FORUM THEATER FROM BUDAPEST
…OR THEATER WHERE THERE IS NO THEATER
In the world of theatre and performance we talk a lot about the aesthetical dimensions of pieces, and the issues and feelings they raise, but much less about the fact that, to a significant amount of people in the world, theatre is not accessible. Whilst some have easy access to culture and theatre, in other areas there are people who have not seen a single performance in their lifes. However, theatre has always been a community forum; it can enable people to feel connected even if they think they do not belong to the same community. It moves something in them that is hidden, oppressed or forgotten: it can empower them. Accepting this to be true, it follows that, in order to make the world a better place, as many as possible should experience theatre. Educational theatre and applied theatre practicioners try to make this happen, to use the power of theatre as a mechanism for social change. They leave the space of the theatre and go out into schools, community centres, prisons, small villages, to create dialogue and to work with nonprofessionals using theatre. I am one of them.
As a forum theatre practicioner I have been lucky enough to work with people in small villages in Hungary where there are high levels of unemployment, a lack of cultural or community events, and a general lack of motivation, where people are often excluded because of their identites.
In one of these villages I spent a week putting on a forum theatre play that was performed and devised by the local inhabitants there. The village in question is a small village with a population of around 400; the people live in very close proximity but rarely talk to each other or organize community events. When we started on the first day, only 2 participants appeared. People were scared of doing theatre because they knew very little about it and could not see any importance in doing it themselves. In the end, instead of inviting them to the local community centre we took to the streets and began talking to people face to face. And they were grateful for that. Eventually, a very diverse group of people gathered all with different ages and from different ethnic and socioeconomic backgrounds.
Over the week they got to know each other better; people who previously hardly knew each other were soon playing on the floor together, and one of the disabled participants even forgot for several minutes that her leg couldn’t move. But, more importantly, through their bodies, they shared stories, questions and problems relating to themselves, the village and the community. Thanks to this week, they were brave enough to put on the play, to have the confidence to show other people a piece of theatre that told the story of each and every inhabitant of the village. It took the form of a story about a big flood, full of situations where people wouldn’t help each other.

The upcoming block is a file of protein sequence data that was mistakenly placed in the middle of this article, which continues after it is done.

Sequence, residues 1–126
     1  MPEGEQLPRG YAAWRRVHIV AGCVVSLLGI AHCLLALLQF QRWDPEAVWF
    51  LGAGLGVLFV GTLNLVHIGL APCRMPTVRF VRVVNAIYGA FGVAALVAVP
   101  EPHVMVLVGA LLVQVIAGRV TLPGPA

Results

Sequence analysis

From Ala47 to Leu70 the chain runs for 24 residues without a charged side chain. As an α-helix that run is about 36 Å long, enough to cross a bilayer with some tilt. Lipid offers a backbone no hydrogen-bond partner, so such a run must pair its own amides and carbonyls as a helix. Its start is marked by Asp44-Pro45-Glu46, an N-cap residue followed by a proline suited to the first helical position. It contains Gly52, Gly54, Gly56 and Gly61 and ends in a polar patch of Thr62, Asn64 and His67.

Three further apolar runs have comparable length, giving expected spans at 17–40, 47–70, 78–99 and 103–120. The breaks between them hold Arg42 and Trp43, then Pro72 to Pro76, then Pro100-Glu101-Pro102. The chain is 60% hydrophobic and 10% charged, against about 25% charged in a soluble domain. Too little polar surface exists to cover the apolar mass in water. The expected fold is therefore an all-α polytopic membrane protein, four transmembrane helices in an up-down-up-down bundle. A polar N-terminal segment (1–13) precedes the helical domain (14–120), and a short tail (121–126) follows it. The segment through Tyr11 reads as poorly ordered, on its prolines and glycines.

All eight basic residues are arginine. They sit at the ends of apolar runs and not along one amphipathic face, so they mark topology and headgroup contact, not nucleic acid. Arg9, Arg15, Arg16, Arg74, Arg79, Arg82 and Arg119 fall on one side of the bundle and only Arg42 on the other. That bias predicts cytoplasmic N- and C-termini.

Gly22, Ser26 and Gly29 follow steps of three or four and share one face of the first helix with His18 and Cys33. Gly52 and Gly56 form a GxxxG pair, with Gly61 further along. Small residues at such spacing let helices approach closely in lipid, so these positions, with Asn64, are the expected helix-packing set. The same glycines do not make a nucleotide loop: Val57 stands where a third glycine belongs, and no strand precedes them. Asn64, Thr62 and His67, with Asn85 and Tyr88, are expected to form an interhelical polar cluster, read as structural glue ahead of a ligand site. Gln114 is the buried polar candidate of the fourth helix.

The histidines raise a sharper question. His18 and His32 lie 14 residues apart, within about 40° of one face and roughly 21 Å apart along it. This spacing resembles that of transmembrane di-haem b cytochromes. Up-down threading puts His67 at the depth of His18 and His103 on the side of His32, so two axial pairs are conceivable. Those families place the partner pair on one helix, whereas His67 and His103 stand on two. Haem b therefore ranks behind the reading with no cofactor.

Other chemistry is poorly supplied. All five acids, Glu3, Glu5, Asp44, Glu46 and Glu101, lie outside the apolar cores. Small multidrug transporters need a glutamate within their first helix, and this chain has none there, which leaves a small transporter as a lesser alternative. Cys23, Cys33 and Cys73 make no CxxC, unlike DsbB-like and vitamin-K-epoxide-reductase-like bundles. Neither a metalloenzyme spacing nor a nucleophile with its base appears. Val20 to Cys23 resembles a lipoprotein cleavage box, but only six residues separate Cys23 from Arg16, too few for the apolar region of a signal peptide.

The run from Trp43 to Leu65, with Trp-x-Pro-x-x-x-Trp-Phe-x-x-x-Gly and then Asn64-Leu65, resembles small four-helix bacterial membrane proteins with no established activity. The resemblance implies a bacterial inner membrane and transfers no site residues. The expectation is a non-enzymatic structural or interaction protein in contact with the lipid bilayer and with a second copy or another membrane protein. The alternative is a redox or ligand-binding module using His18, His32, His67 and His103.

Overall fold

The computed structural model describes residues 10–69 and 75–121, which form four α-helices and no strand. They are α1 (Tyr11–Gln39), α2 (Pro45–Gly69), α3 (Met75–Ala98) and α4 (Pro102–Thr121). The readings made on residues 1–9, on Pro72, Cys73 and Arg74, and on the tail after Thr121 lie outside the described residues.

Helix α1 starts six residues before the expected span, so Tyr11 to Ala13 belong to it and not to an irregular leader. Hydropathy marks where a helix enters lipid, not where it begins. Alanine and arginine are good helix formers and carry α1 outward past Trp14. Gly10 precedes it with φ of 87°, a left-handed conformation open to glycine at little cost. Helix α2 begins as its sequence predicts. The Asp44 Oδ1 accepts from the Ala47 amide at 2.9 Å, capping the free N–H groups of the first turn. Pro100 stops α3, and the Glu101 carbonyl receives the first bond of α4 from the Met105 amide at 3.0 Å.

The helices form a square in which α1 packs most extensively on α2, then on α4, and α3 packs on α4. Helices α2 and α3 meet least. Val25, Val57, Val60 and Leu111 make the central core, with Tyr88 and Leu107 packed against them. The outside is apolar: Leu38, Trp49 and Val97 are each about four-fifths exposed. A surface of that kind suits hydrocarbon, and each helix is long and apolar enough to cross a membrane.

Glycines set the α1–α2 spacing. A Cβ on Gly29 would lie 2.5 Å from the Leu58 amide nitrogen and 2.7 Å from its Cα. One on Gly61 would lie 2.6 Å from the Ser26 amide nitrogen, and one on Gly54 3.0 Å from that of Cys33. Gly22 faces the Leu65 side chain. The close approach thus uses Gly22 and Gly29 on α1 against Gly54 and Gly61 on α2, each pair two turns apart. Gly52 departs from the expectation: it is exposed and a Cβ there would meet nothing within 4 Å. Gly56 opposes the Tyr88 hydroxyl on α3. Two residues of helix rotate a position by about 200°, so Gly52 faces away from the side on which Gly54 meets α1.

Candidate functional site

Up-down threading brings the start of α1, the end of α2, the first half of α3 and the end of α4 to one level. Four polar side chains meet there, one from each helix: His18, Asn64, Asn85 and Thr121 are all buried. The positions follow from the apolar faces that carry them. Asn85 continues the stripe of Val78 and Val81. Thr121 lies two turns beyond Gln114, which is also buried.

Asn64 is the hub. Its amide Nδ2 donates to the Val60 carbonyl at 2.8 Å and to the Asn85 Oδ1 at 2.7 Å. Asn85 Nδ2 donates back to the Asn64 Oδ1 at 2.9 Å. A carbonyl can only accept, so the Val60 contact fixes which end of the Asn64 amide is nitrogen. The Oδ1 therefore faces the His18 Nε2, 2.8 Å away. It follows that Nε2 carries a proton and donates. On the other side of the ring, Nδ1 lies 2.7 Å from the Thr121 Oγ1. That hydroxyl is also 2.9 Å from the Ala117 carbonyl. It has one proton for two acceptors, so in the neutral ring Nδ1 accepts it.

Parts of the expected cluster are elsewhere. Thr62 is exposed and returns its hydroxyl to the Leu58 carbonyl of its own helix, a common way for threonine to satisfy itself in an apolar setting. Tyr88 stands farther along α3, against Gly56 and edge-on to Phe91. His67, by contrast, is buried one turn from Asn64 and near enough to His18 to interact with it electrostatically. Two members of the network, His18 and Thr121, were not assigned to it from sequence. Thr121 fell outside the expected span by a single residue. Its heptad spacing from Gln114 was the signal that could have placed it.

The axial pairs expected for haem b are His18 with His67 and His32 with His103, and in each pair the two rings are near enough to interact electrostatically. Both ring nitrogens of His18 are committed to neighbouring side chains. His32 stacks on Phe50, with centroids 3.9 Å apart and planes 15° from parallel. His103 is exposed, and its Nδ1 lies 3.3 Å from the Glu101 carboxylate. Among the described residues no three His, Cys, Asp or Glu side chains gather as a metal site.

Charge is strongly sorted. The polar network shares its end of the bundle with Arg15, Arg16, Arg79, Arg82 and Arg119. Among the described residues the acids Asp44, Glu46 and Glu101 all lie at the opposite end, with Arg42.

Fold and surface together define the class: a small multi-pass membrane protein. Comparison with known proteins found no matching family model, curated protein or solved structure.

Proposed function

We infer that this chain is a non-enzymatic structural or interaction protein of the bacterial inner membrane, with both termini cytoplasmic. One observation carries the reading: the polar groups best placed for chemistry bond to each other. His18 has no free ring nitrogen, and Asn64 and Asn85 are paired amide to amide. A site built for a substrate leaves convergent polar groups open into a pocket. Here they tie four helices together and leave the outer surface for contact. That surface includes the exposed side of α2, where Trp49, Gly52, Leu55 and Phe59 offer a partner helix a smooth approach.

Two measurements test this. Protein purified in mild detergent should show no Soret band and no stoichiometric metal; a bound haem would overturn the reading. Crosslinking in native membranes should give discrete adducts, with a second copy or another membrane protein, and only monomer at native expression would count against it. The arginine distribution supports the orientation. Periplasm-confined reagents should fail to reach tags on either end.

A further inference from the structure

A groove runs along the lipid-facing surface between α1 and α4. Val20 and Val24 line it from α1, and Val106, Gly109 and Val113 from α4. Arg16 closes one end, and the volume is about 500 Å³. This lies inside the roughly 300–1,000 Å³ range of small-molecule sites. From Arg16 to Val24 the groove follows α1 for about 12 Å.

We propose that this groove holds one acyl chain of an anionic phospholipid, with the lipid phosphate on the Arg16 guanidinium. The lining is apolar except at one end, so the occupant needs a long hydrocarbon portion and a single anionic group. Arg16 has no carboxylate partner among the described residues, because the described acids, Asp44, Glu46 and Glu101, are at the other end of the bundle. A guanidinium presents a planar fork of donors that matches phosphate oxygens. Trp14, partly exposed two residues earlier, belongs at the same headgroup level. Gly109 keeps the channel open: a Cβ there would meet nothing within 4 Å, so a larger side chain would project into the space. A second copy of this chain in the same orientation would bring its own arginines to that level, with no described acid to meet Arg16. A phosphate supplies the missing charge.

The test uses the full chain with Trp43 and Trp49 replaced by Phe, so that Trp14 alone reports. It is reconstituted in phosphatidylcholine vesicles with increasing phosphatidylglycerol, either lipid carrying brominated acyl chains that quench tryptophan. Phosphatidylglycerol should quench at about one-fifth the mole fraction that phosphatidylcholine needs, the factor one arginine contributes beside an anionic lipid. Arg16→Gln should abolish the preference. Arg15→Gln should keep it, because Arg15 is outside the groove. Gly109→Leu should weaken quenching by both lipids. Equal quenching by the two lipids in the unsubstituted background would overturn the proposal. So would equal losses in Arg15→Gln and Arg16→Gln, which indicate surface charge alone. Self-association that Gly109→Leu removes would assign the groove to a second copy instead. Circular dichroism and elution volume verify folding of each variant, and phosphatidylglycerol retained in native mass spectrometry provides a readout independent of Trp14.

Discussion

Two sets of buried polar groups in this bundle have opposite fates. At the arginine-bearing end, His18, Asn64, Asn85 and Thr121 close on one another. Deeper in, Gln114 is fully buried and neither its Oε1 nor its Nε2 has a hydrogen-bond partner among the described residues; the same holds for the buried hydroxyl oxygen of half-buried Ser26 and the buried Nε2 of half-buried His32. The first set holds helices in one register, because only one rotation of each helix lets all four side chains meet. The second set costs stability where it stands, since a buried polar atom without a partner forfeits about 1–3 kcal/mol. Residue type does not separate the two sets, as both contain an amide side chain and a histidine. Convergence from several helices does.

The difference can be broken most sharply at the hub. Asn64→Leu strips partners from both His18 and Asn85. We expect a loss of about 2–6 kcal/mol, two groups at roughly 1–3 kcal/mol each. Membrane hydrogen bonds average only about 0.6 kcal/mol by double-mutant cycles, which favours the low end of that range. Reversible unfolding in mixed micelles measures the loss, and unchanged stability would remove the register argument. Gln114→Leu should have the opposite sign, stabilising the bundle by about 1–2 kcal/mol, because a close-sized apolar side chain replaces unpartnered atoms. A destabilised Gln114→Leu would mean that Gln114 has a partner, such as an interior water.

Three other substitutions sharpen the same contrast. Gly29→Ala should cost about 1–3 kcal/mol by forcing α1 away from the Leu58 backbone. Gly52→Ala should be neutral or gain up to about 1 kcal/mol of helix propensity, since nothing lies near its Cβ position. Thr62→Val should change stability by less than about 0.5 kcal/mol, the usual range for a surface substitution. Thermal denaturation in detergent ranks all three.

The forum theatre performance brought many people to the community centre – children, elderly people, Romani, non-Romani, even the local mayor – to think and play together, to replace the fictional protagonists of the play and face the conflicts that they rarely talked about in the real world; to become active instead of passive. On the performance night, they were finally able to feel that they were part of the same community and could look at their issues together, given the chance to become spect-actors.
After this experience, the members of the theatre group founded their own community group where they could sew, cook and create together. When I arrived, they did not have access to theatre; in creating it, they became empowered by it and, in turn, it started to act as a catalyst for change in the village. With these people and in this place, I felt the power of theatre to empower communities, to build trust and widen the imagination of people who can hardly brings themselves to think about their dreams or desires – which implies the aesthetics of the theatre of the oppressed.
Veronika Szabó is an actress, drama teacher and applied theatre practicioner who specialises in forum theatre and theatre as a pedagogic tool. She studied Applied Theatre at Goldsmiths, University of London and is interested in audience participation and theatre as a medium for socio-political change. She is a chartered member of the hungarian participatory theatre company, Forum Company.
Forum Company’s Site Web | Fan Page